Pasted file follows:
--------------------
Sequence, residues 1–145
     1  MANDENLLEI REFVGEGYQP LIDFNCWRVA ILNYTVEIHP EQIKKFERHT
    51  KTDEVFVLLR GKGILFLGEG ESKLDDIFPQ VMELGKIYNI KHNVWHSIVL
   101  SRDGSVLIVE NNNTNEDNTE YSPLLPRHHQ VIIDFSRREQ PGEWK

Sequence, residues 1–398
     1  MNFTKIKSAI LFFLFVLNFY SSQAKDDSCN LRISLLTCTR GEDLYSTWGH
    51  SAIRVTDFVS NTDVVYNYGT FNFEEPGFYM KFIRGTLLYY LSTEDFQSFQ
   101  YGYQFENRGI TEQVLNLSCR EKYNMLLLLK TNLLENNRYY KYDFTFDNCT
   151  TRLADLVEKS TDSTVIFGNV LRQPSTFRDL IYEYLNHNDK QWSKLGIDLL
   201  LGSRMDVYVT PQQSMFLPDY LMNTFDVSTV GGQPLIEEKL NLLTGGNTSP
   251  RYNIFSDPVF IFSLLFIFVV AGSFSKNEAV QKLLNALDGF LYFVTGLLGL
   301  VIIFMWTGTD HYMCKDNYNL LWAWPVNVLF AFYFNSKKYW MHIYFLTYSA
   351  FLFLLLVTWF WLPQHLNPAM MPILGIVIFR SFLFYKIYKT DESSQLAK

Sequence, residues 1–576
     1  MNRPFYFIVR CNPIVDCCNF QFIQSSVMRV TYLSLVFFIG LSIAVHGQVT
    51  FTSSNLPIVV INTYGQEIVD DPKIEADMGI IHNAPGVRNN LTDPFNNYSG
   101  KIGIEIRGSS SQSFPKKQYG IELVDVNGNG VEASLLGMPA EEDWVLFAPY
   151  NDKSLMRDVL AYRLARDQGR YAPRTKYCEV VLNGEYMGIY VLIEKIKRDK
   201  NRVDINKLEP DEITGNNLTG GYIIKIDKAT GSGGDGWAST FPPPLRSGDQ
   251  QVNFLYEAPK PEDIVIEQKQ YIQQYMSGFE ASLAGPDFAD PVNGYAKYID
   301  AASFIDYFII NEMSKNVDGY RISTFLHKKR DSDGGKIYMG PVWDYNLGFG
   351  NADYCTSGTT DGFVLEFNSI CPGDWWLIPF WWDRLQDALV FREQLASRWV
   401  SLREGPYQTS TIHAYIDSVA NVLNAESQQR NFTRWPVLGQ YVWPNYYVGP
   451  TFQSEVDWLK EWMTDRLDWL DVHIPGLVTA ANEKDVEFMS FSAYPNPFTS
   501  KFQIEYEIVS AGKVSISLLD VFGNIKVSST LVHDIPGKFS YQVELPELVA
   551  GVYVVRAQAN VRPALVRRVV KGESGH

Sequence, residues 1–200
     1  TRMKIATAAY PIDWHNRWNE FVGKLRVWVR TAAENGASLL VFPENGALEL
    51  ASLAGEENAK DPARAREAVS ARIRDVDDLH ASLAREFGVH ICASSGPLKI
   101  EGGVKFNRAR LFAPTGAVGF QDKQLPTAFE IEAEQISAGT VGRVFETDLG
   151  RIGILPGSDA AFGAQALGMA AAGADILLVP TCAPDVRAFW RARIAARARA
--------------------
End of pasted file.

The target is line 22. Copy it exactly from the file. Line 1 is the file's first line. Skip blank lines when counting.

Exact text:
   351  NADYCTSGTT DGFVLEFNSI CPGDWWLIPF WWDRLQDALV FREQLASRWV